Cheyna Roth


Before becoming the newest Capitol reporter for the Michigan Public Radio Network, Cheyna Roth was an attorney. She spent her days fighting it out in court as an assistant prosecuting attorney for Ionia County. Eventually, Cheyna took her investigative and interview skills and moved on to journalism. She got her masters at Michigan State University and was a documentary filmmaker, podcaster, and freelance writer before finding her home with NPR. 
 
Very soon after joining MPRN, Cheyna started covering the 2016 presidential election, chasing after Donald Trump, Hillary Clinton, and all their surrogates as they duked it out for Michigan. Cheyna also focuses on the Legislature and criminal justice issues for MPRN. 
 
Cheyna is obsessively curious, a passionate storyteller, and an occasional backpacker. 
 
Follow her on Twitter at @Cheyna_R
 

A 61-year-old Ionia man will receive 1.3 million dollars from the state. 

Michigan has an alcohol smuggling problem, according to the Michigan Beer and Wine Wholesalers Association.

The group compiled data from the Liquor Control Commission and the state’s excise tax information to determine how much alcohol is being shipped to Michigan illegally.

A federal department plans to oversee changes at Michigan State University for the next three years.

The U.S. Department of Health and Human Services started a civil rights investigation into the university soon after the sentencing of Larry Nassar, the former university sports doctor serving a de facto life sentence for child pornography and for sexually assaulting his patients.

An Ingham County judge denied a request Wednesday to dismiss a felony charge for an ex-Michigan State University gymnastics coach.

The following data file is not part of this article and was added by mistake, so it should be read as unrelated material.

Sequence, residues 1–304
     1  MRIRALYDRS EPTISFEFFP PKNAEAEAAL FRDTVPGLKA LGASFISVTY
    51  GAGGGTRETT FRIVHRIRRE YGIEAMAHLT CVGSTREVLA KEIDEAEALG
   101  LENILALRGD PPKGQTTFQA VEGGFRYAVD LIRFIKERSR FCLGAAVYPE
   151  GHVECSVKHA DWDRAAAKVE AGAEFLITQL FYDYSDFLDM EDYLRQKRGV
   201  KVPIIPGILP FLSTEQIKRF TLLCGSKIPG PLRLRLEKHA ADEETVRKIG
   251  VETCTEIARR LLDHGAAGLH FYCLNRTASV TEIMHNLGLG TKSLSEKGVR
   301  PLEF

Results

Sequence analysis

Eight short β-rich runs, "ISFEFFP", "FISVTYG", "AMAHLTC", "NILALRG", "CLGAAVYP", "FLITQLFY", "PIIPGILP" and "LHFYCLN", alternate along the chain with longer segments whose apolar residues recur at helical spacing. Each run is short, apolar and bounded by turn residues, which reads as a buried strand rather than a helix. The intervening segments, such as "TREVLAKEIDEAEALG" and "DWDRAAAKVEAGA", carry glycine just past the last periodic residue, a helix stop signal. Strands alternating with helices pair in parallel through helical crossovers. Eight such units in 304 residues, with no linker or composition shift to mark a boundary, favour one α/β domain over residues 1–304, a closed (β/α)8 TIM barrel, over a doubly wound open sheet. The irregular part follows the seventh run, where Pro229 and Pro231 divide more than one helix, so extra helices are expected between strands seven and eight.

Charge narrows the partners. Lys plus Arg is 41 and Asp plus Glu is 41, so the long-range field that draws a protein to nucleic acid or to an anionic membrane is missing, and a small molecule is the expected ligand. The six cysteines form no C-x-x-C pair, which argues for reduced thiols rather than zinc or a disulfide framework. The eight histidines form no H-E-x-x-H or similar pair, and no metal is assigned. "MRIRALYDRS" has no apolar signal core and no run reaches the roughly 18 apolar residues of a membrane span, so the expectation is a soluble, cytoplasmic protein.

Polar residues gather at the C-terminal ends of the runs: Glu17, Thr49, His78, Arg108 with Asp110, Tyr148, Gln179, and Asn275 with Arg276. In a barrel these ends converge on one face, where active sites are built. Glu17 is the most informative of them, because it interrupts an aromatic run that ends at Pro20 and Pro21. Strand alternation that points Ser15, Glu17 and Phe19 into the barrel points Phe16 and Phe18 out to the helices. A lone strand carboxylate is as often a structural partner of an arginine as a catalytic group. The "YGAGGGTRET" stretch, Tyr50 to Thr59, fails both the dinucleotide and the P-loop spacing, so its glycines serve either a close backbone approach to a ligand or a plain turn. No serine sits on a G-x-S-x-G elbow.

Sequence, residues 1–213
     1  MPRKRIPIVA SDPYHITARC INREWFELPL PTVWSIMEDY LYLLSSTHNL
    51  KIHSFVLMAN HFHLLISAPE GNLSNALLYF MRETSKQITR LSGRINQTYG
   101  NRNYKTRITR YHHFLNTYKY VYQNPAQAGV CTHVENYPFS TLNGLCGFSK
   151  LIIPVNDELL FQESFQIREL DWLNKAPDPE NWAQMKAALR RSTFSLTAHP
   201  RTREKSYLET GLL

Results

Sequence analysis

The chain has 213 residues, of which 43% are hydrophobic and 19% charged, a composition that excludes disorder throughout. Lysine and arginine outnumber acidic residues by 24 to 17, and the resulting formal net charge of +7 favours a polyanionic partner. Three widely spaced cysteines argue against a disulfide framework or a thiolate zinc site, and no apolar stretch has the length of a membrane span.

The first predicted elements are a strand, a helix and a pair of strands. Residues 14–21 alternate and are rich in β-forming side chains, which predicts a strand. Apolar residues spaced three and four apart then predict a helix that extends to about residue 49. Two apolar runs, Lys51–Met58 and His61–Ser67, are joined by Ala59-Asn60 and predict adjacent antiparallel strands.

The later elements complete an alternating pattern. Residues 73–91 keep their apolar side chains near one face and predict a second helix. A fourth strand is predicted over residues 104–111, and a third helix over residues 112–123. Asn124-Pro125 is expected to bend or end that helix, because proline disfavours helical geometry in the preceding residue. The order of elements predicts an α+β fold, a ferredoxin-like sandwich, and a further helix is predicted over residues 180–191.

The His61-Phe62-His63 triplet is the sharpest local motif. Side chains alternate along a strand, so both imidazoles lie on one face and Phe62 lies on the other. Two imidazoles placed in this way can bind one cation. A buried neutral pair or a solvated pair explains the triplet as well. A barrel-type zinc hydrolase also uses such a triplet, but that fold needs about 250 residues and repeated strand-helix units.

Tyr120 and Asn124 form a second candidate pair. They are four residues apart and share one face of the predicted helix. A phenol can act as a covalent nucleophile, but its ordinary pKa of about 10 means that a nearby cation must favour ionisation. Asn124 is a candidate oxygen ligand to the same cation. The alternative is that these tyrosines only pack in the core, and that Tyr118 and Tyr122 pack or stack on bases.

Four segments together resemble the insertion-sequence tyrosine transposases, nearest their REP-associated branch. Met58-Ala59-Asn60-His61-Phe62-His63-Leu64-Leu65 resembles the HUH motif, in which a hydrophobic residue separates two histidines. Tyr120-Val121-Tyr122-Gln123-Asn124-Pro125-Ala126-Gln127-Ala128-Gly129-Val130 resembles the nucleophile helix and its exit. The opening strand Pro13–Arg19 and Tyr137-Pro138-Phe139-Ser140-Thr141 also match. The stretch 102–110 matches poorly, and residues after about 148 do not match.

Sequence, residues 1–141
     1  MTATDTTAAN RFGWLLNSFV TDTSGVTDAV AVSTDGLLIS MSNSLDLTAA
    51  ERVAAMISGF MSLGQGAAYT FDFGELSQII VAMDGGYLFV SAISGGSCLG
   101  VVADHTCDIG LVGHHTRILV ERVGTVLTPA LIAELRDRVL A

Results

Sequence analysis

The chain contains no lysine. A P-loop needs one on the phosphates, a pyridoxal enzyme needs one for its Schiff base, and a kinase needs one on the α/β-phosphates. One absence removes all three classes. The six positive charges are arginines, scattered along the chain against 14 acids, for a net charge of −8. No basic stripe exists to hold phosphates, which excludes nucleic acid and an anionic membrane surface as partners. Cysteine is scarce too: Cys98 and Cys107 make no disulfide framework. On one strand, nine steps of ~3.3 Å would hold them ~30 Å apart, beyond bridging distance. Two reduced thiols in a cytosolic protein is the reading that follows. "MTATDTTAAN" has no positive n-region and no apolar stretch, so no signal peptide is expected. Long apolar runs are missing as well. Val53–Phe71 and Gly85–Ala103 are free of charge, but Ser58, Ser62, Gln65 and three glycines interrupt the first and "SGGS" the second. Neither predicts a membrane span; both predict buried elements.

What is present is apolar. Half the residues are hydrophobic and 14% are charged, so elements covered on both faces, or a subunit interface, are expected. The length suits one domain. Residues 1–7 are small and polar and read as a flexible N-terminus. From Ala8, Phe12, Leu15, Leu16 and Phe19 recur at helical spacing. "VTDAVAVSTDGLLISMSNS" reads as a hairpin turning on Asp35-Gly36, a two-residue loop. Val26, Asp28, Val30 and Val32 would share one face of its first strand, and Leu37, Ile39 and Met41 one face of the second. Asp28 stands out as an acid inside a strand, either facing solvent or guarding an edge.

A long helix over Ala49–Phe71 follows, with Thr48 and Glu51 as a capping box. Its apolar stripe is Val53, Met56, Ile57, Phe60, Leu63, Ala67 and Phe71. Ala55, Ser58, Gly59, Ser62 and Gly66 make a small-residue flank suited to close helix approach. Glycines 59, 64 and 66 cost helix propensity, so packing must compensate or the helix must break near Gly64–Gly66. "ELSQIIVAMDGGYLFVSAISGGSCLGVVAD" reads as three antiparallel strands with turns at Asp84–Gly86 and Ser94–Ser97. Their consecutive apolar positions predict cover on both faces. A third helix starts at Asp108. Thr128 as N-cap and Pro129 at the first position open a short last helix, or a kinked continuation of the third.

Kathie Klages is charged with lying to law enforcement during an investigation into former MSU sports doctor Larry Nassar. The Klages prosecution is part of a broader investigation into how Nassar was able to sexually assault his young patients for decades.

One year. That’s how long the former dean of Michigan State University’s College of Osteopathic Medicine was sentenced to spend in jail on Wednesday.

William Strampel was convicted of using his position as dean to try to solicit sexual favors from students, and other charges.

Medicaid insurance providers in Michigan cannot refuse benefits for sex reassignment surgeries and hormone replacement medications. The governor’s office recently codified the antidiscrimination language into the state’s Medicaid Provider Manual. It’s already state policy.

Governor Gretchen Whitmer says this puts Michigan in line with federal law.

“Our laws have been inconsistent on the books here in Michigan and we thought it was important to clean it up and make sure that our laws reflected what the mandates of the Affordable Care Act are,” she says.

Gun violence in the United States is a public health problem – and it needs to be treated that way. That’s according to Dr. Rebecca Cunningham, the Director of the Injury Prevention Center at the University of Michigan.